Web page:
We caught up with Dallon Weekes and Ryan Seaman from I DONT KNOW HOW BUT THEY FOUND ME while they were hanging out at Sacramento’s 94.7 FM to play an on-air acoustic performance. The two-piece band, often shortened to iDKHOW, has a back story of being a “forgotten band” from the ’80s that has recently been rediscovered for the first time. Their music video and first radio single Choke, released in January, is receiving massive attention from both media and fans alike. Learn more about the band here and check out our interview with them below.
TUBE: Could you speak to the 80’s ethos behind the music you created?
Dallon Weekes: It has always been our hopes to never be revivalists as far as our music goes. Though we are certainly inspired by early 70’s and 80’s stuff, particularly the stuff we have been working on lately but capturing the spirit of what it was like to grow up in that time and discover music at that time is what we are trying to recreate more than anything else. The aesthetics and the sort of feeling of how controlling how people discovered us initially.
TUBE: You have played together previously, so was this coming full circle for you or more the next step in your evolution as a musician?
Weekes: it feels more like the next step. Even though we went a while without playing together, we always maintained contact and were in each other’s lives. We were just working for other people over the course of time we have known each other and now we get to do it together.
TUBE: How was the transition going from playing for a big arena act to leading your own band, creating your own music and being the primary decision maker for your direction?
Weekes: It feels a lot better, a lot less like a job. I mean, there is definitely more work, but it doesn’t feel like you are punching a time card.
TUBE: How do you go about finding an audience for your music?
Weekes: I think the first step in that is just not to care too much. One of my favorite artists ever, Elvis Costello, mentions that in a song, “Radio Radio.” Which is a medium that back then you really need to rely on. I think the less you care about marketing and numbers, which are certainly important if you want to be a band or an artist. But I don’t think you should focus on that stuff as much as you should focus on creating good art.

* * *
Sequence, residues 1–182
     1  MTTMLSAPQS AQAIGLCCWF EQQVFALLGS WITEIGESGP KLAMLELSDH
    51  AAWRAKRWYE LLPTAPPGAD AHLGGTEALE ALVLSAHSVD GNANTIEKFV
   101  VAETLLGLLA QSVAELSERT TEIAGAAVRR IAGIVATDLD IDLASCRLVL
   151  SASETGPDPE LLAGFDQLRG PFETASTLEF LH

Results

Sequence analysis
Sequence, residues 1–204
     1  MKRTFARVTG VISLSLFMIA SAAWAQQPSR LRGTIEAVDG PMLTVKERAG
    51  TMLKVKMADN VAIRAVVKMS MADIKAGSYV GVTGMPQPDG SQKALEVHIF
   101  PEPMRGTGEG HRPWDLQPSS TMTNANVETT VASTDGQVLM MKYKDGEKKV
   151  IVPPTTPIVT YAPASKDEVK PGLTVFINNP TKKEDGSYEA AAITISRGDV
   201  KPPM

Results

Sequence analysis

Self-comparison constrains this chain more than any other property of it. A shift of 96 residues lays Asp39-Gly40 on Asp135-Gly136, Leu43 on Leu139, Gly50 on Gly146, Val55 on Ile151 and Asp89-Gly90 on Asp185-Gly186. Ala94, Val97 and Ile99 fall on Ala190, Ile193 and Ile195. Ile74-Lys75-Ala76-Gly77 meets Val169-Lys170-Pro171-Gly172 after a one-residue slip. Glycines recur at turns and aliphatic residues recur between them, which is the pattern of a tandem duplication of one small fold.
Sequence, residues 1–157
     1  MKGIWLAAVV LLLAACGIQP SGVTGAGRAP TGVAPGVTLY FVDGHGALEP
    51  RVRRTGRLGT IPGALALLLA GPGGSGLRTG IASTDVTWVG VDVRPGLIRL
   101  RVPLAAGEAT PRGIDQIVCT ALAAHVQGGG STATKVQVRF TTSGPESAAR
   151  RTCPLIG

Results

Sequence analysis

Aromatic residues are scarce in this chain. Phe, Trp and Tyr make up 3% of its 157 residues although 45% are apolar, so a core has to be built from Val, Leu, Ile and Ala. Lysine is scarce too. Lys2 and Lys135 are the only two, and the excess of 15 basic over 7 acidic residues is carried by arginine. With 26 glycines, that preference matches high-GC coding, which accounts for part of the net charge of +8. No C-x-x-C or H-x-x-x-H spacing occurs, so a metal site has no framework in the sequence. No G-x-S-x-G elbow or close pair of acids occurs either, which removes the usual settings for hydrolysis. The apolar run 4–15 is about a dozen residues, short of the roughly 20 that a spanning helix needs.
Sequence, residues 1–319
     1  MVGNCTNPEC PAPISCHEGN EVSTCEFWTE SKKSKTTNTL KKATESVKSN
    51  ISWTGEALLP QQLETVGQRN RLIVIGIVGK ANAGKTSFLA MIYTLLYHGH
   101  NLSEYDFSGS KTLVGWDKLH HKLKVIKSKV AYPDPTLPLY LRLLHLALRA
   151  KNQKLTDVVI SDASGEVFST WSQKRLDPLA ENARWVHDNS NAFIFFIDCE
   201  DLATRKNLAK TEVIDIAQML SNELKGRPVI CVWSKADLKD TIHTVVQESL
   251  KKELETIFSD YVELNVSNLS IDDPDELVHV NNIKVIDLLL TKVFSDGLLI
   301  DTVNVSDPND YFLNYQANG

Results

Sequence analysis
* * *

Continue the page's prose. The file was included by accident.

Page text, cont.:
TUBE: Many of the artists that you cite as influences, people like Bowie and Elvis Costello constantly challenged themselves, is that something you are trying to do with your most recent recordings?
Weekes: Absolutely, I am challenging the listener too. All of my favorite records are, upon first listen, I thought, “what is this?” Something that really challenged me to listen to it again and by the third listen I would always end up falling in love and it would end up being my favorite thing ever. It’s my hope that we can have that same effect on people.
TUBE: Ryan, you spoke about some of the bands you are currently in to or those that you heard and made you feel like, “I don’t want to sound like them, but damn, now I want to make some music.”
Ryan Seaman: I grew up loving punk rock, that was definitely my first love. Over time it has opened up the doors to other types of music and even older music. One of the reasons I love Dallon, he has opened up my mind to so much incredible music. Green Day is probably my favorite, just being the catalyst for doing your thing and being successful at it.
TUBE: Dallon, anybody for you that you feel really has “it”?
Weekes: I think the most modern band who has that for me is The 1975, every time I hear a song from them I think, “Damn, they did it again!”
TUBE: Are you looking forward to getting back out in front of people?
Weekes: It’s the same for me, whether it is 30 people or 30,000, I love getting in front of people and playing music.
Seaman: Being a two piece does give us a lot of flexibility and we don’t ever want to do the same show the same way.
TUBE: What does being “successful” as a musician look like for you?
Weekes: It’s only been the last six years or so that I was able to do this as a full-time, job and that’s the goal, to be able to do that and do that for Ryan and be able to support my family and make the kind of music that resonates with me.
TUBE: After playing in front of big audiences, how do you stay hungry?
Weekes: I don’t ever want to take any of this for granted, sitting here talking with you for TUBE. is a great opportunity for me and I do really appreciate it.
Seaman: That is what we have in common. We don’t take anything for granted and we are hard workers. I would get off a tour of South America and then go hang Christmas lights for rich people, I need to be doing something.
TUBE: How is the music scene you came out of in Salt Lake City?
Weekes: It was incredibly nurturing for me and though it wasn’t big, there is less to do there than a place like LA, so there are a bunch of really talented musicians. One of my hopes is that we can establish a big enough platform with this to be able to help some of them make the jump and find an audience.
Seaman: It isn’t competitive at all. Everybody has a band and side gigs and are very willing to help each other and we are all happy for each other when someone else gets an opportunity to show what they can do.
TUBE: I know you’ve got some Sacramento fans here waiting to hear you play (on 94.7 FM) so I won’t keep you from them. Will we be seeing you play a full set out here any time soon?
Weekes: We certainly hope so. We love Sacramento, we shot a couple of videos here and have appreciated the support whenever we came through. We would love to come back.